O Jerusalem Jerusalem

O Jerusalem Jerusalem

hen with chick

In a span of three chapters – Matthew 21-23 – we encounter a fascinating collection of Jesus’s personality and character traits.  He first rides into Jerusalem like aristocracy on “Palm Sunday” (21:1-11).  Quickly transitioning from king to combatant, He then rushes the temple and takes no prisoners with his homemade whip (21:12-17).  The next morning, He curses at a fig tree which lacks fruit (21:18-22).  When interrogated with difficult questions, Jesus displays incredible wisdom and composure with His answers (21:23-27; 22:15-46), and, pretty much as always, He cannot resist playing the role of a teacher through the use of three parables (21:28-22:14).

When we arrive at Chapter 23, we then find an assortment of woes directed at the scribes and Pharisees.  Jesus really lays into them, calling them hypocrites, blind fools, a brood of vipers, murderers, and children of hell!  One might walk away from such a scathing rebuke and think, “Man, oh, man, Jesus must really hate those Jewish leaders.”  However, upon reaching Matthew 23:37, the rollercoaster that is this Messianic portrait takes a dramatic turn:

“O Jerusalem, Jerusalem, the city that kills the prophets and stones those who are sent to it!  How often I would have gathered your children together as a hen gathers her brood under her wings, and you were not willing!”

Almost a millennium before these words, David’s son Absalom snatches the kingdom from his father’s hands.  Absalom steals the hearts of the men of Israel and takes his father’s house, throne, and even concubines for himself.  Meanwhile, David is reduced to a fugitive on the run, and he is the subject of stones and insults.  At the close of an ensuing battle, a Cushite delivers what he assumes to be good news to David – that Absalom has been killed.  Upon hearing the news, “(David) was deeply moved and went up to the chamber over the gate and wept.  And as he went, he said, ‘O my son Absalom, my son, my son Absalom!  Would I had died instead of you, O Absalom, my son my son!’” (II Sam. 18:33).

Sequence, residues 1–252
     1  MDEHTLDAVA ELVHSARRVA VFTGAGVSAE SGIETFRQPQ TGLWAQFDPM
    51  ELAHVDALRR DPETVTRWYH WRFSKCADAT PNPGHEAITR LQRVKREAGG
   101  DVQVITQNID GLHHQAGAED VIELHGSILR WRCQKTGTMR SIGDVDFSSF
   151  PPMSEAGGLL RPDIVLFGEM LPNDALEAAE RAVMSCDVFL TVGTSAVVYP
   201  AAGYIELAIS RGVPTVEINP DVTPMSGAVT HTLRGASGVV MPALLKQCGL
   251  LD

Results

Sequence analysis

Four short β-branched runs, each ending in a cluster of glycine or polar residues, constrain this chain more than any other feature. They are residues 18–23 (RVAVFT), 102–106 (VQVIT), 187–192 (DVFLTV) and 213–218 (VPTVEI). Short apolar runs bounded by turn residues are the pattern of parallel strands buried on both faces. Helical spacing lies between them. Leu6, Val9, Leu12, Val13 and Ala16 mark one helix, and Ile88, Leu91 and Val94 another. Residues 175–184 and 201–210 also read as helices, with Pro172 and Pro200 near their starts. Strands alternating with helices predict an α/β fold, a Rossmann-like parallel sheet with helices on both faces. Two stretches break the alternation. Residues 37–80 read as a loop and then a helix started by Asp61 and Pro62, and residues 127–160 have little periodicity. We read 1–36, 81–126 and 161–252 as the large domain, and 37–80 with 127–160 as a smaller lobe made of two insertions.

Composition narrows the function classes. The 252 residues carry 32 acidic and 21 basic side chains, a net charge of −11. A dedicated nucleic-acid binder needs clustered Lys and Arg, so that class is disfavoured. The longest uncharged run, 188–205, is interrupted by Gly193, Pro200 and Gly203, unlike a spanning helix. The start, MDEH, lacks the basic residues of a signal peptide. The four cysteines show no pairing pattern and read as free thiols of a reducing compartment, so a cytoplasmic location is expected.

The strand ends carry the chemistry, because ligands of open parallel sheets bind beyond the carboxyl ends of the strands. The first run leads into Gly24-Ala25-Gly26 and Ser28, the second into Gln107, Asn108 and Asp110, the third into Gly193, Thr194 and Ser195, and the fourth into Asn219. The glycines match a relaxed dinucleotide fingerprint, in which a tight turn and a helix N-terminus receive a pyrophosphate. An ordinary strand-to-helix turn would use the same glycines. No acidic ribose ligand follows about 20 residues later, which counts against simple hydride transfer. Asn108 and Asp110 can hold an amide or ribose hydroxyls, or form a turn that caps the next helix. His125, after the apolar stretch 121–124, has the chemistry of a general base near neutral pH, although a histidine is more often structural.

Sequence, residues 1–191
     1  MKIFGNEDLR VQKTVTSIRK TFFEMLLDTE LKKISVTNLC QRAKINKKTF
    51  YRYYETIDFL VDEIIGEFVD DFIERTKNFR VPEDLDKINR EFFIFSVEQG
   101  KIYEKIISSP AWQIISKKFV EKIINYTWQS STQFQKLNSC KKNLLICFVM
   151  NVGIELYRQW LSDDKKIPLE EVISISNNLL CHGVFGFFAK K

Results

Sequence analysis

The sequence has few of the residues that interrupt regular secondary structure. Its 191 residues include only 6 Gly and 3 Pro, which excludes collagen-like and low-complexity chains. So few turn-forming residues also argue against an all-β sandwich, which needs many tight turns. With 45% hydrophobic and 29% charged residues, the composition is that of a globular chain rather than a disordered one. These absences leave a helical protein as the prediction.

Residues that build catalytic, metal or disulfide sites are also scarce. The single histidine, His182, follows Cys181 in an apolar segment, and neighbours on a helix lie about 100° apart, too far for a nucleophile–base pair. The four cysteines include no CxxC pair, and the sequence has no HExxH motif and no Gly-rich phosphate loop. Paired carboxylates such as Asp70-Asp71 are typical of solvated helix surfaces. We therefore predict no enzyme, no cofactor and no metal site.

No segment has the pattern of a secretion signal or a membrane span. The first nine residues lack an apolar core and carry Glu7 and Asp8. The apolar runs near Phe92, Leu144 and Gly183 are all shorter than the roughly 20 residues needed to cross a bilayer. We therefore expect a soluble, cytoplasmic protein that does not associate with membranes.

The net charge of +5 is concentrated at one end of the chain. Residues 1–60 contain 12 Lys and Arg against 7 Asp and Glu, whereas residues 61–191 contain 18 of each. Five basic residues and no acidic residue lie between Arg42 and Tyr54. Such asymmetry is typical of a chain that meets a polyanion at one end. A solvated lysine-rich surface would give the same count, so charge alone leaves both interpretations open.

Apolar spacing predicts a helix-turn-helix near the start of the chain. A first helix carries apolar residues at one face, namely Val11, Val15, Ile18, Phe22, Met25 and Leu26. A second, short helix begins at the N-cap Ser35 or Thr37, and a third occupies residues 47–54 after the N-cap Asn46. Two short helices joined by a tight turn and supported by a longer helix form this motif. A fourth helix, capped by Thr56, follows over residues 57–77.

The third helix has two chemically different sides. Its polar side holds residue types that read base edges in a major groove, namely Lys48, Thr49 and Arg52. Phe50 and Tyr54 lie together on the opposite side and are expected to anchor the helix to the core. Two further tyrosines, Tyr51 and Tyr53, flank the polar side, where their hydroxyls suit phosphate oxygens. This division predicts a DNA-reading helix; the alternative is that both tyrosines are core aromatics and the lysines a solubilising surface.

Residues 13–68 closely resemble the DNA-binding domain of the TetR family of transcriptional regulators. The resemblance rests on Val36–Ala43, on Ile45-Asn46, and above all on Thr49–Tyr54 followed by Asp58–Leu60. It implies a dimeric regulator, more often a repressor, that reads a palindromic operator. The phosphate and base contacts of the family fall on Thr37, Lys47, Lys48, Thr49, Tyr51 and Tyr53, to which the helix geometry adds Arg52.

“O Jerusalem, Jerusalem!”

“O my son Absalom, my son, my son Absalom!”

Indeed, Jesus laments, mourns, and cries over the tragic condition of Jerusalem.  We, like the Cushite, might expect Jesus to rejoice at the inevitable desolation of the city.  After all, Jesus Himself proclaims, “It is the city that kills the prophets and stones those who are sent to it!”  Jesus uses present tense in this description, possibly as a way of expressing that for which this city is known.  One might say, “I love that movie theater.  That is the one with the really comfortable seats.”  Similarly, Jesus says, “Jerusalem – that is the city that kills the prophets and stones those sent to it.”

“And so,” we think to ourselves.  “Its tragic fate and depraved condition should be good news to Jesus.  People like that deserve three javelins straight through the heart.”  Instead, we surprisingly find Jesus in incomprehensible sorrow, like when a father loses his precious and beloved son.


On Tuesday, Isaac asks his son, “Hey buddy.  Would you like to play catch?”  The boy responds, “Nah.  Not today.”  Now, suppose Isaac says to himself, “Isaac, you sure have been a loving father.  You offered it to him, and he said NO.  Well done – you are a good Dad.”  Later that week, suppose Isaac’s son conversely asks his father to play catch, but Isaac tells him, “Well, you see, I would but I offered on Tuesday to play catch with you, and you said NO.  So, not today.”

Isaac’s solitary offer of quality time on Tuesday throws doubt on the magnitude of his love for his son.  However, suppose instead that, after being rejected on Tuesday, Isaac himself asks his son again on Wednesday.  If rejected again, Isaac offers another time on Thursday.  Maybe after the boy turns down the offer to play catch, Isaac asks him, “Well, let’s do something different together then.  Want to maybe play a game?”  In this way, Isaac’s love for his son begins to shine in the persistence of his desire to be with him.

Jesus continues, “How often would I have gathered your children together as a hen gathers her brood under her wings.”  How often.”  Jesus’s love for Jerusalem radiates through these words.  He is persistent in His call to His people.  He may be said to be like a master who leases a vineyard to tenants.  The master sends a servant to get the fruit from the vineyard, but the tenants beat the servant.  The master then proceeds to send servant after servant to those tenants – one gets beaten, another killed, and another stoned.  These repeated efforts on the part of the Lord declare His patience and ultimately His love for His people, in an even grander way than Isaac from the story above.  “How often,” the Lord declares.


In The Song of Moses, the leader proclaims how God cares and keeps His people like an eagle spreading its wings (Deut. 32:10-11).  David likewise prays, “Keep me as the apple of your eye; hide me in the shadow of your wings” (Psalm 17:8).  Under the wings of the Lord, one finds ultimate protection and favor.  In Jesus’s cry, He declares that this is where He wants His people to be – under His wings.  However, He tragically concludes with these words: “And you were not willing!”  Jerusalem spurns Jesus’s relentless love, and this rejection results in the Lord’s grievous tears.

In conclusion, we then present this question to you: Are you willing?  Are you willing to believe that He still loves you, in spite of all that you have done?  And, even more, are you willing to receive His love for you?